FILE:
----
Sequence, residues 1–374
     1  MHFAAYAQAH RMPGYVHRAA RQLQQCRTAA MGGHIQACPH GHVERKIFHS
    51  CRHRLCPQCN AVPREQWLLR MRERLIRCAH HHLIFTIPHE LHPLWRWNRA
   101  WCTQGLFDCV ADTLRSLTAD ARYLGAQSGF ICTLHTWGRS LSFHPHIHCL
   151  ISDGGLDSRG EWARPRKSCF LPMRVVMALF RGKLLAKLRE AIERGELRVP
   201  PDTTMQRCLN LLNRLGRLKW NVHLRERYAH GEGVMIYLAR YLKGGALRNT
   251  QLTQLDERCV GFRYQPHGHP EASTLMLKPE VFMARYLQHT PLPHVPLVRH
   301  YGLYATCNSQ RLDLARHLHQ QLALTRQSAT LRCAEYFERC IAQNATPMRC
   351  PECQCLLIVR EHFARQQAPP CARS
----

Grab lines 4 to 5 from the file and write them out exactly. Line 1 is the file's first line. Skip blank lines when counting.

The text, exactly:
   101  WCTQGLFDCV ADTLRSLTAD ARYLGAQSGF ICTLHTWGRS LSFHPHIHCL
   151  ISDGGLDSRG EWARPRKSCF LPMRVVMALF RGKLLAKLRE AIERGELRVP